Men: This simple scan cuts unnecessary prostate cancer biopsies by HALF

Did you know that men undergo nearly one million UNNECESSARY prostate cancer biopsies each year in the United States?

All due to the tragically flawed prostate specific antigen (PSA) test.

But according to a brand-new study from Sweden—using one, simple, safe imaging scan to aid in the diagnosis process cuts the number of these unnecessary biopsies performed by HALF.

I’ll tell you all about that important study—and how to ask for the scan by name—in just a moment.

But first, let’s back up to talk about why so many men still undergo these needless biopsies…

Empires built on the broken “manhood” of too many men

When I was in medical training in the 1970s, I witnessed urologists mutilate and neuter a whole generation of men diagnosed with prostate cancer and other prostate “diseases.” Partly because we didn’t know as much about diseases of the prostate and how slowly most tend to progress.

Then, in 1986, the hugely flawed PSA test came on scene. But it was only supposed to be used as a tool to follow men already diagnosed with prostate cancer…NOT as a screening or diagnostic tool. (It has an astounding 75 percent false-positive rate as a screening or diagnostic tool!)

Yet, despite this woeful evidence, many urologists STILL rely on PSA testing to help diagnose prostate cancer. And getting a high PSA finding often triggers a knee-jerk response from the urologist to biopsy and sample the prostate area.

Of course, sometimes, the pathologist does find cells that they decide to label as “cancer” in these small tissue samples.

But, in most cases, these cells DON’T behave like real cancer cells—meaning, they don’t invade and spread to distant parts of the body. And, even if left completely alone, they probably wouldn’t cause harm to the man…much less shorten his life! Whereas finding and treating them may bring immeasurable harms—such as urinary incontinence and sexual impotence. And these harms can far exceed any real risk from the tumor itself to a man’s health.

Indeed, my colleague, Dr. George Lundberg—the former editor of Journal of the American Medical Association (JAMA) and founder of Medscape—has said for years that we shouldn’t label these kinds of growths with the word “cancer” at all. Rather, we would do better to leave them alone and monitor them over time with an approach called “active surveillance” or “watchful waiting.”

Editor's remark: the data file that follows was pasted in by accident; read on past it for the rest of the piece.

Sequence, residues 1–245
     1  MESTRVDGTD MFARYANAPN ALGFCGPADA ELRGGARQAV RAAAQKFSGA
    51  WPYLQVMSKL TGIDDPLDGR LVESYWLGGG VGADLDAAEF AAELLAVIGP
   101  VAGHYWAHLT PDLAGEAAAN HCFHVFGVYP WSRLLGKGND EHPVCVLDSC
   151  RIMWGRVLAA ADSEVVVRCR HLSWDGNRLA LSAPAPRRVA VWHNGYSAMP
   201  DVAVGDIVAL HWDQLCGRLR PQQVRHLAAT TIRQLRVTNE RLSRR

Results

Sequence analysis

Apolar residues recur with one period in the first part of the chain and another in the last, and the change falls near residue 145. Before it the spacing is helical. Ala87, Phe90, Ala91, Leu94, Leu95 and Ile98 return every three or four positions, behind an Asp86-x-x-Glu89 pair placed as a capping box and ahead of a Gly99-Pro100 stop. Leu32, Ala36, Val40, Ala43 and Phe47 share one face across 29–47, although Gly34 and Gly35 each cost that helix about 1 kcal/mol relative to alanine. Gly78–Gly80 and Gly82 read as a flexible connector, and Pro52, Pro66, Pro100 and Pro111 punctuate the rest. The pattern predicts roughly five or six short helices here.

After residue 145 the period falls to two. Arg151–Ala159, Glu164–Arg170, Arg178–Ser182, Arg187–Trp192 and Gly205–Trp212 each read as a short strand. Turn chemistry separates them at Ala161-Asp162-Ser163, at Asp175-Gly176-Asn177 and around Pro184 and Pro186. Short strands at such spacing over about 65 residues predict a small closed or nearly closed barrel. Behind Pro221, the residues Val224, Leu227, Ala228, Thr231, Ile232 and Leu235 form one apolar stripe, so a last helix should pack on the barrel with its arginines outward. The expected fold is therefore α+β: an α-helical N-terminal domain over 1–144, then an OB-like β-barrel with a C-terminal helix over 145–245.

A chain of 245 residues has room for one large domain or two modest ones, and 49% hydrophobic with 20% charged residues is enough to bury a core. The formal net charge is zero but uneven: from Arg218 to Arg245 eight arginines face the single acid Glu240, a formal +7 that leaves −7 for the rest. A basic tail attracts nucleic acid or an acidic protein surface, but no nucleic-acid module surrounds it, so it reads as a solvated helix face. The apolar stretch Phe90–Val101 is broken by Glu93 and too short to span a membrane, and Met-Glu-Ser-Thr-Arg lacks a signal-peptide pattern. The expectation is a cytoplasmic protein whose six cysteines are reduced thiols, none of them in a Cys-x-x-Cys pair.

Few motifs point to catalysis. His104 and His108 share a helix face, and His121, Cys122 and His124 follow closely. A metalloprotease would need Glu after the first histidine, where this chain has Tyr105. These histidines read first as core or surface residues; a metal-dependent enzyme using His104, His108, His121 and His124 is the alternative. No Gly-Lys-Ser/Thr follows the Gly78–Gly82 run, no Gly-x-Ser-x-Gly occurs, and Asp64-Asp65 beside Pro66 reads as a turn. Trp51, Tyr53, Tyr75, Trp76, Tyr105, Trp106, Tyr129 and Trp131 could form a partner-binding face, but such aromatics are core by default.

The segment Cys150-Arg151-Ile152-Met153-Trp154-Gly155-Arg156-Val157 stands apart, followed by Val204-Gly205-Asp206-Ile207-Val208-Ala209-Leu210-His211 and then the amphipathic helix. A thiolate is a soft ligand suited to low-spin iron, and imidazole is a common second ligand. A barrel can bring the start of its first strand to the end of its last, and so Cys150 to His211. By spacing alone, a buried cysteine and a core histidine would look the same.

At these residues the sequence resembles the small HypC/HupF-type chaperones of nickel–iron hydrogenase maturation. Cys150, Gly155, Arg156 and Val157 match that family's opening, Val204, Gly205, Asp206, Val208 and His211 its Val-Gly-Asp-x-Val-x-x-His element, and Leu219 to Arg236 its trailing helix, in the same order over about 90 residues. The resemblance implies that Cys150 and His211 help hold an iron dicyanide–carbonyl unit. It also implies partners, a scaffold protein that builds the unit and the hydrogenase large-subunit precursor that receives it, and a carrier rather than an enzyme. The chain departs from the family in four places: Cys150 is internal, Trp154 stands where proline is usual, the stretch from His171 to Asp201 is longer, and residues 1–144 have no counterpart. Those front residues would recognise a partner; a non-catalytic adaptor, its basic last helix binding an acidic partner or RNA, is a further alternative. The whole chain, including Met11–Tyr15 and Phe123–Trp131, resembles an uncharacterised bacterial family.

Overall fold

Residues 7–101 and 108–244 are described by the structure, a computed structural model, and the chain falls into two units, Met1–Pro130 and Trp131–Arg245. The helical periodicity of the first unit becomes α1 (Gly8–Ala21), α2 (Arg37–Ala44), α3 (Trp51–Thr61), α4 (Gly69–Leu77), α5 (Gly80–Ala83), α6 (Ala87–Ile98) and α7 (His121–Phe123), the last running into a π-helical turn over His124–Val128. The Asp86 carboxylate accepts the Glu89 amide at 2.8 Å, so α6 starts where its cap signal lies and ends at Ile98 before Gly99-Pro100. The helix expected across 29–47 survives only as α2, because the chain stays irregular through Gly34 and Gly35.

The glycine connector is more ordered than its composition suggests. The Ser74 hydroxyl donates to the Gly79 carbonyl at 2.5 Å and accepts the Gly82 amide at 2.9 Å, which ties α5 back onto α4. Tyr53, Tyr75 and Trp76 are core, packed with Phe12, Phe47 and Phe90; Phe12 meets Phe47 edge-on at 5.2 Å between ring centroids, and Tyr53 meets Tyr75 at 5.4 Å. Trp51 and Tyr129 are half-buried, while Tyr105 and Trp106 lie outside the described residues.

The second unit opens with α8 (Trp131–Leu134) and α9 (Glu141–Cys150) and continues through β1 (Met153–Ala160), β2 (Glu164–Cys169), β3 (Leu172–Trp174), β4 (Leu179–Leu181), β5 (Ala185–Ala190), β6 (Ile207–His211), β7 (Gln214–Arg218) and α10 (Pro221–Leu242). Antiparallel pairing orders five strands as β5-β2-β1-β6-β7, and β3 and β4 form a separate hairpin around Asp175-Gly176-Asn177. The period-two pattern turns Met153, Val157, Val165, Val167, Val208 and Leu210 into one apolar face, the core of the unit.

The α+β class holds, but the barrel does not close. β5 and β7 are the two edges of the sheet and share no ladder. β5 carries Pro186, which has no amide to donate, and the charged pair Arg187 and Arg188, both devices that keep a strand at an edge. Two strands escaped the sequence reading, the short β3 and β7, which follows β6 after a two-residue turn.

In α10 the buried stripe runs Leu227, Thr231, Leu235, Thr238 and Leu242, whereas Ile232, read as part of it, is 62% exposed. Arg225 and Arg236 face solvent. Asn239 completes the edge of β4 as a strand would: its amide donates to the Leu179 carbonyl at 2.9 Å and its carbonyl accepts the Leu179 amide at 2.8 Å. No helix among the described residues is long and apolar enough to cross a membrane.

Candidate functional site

In fact, according to a urology expert at Lenox Hill Hospital in New York, “It is estimated that up to 51 percent of patients having their prostate removed may be candidates for a less invasive, outpatient treatment that helps them get back to their normal lives with a lower risk of urinary incontinence and/or erectile dysfunction.”

Now, keeping this backstory in mind, let’s look at the details of the new study…

Simple, non-invasive scans cut unnecessary prostate biopsies by HALF

For the new study, Swedish researchers tracked more than 12,000 men ages 50 to 74 years between 2018 and 2021.

First, the researchers collected blood samples for PSA analysis. Then, they randomly assigned the men with high PSA scores to get either a traditional biopsy or a magnetic resonance imaging (MRI) scan.

Among the men who got MRI scans, biopsies were only performed IF the scan showed a suspicious and potentially dangerous tumor.

Well, it turns out, performing the MRI detected just as many clinically REAL cancers as going straight to biopsy following a high PSA test. But it reduced the number of unnecessary biopsies performed…and the finding of “fake cancers”…by a staggering 50 percent!

The researchers concluded that “by incorporating MRI into the prostate cancer screening process, we can better recommend biopsy in those men who are at high risk, and perhaps just as importantly, avoid unnecessary biopsies in men who don’t have prostate cancer or have indolent/insignificant disease.”

Be your own advocate, as always

Of course, the prostate is the most common site of cancer in men. Yet, it’s the ONLY cancer where doctors don’t routinely use non-invasive MRI screening to help in the diagnosis process.

And I can’t help but wonder why? Especially when the use of non-invasive MRI scans is a routine part of every other field of medicine!

Well, in the end, here’s my advice to you: If your PSA levels are high, make sure you ask your doctor to order an MRI before agreeing to a prostate biopsy. (And, hopefully, your doctor knows about this new study. It was published in the prestigious New England Journal of Medicine. But in case your request is questioned, as always, you can find the source noted here at the bottom of this email.)

In addition, I urge you to learn everything you need to know about how to naturally conquer prostate cancer and other frequent—but neglected—prostate conditions. I tell you more in the January 2019 issue of my monthly newsletter, Insiders’ Cures (“The common, painful prostate problem researchers and experts ignore”). Not yet a subscriber? Click here to become one!


“MRI-targeted or standard biopsy in prostate cancer screening.” The New England Journal of Medicine (NEJM), 7/9/21; 385:908-920.

“Reducing unnecessary biopsy during prostate cancer screening using a four-kallikrein panel: an independent replication. J Clin Oncol. 2010;28(15):2493-2498.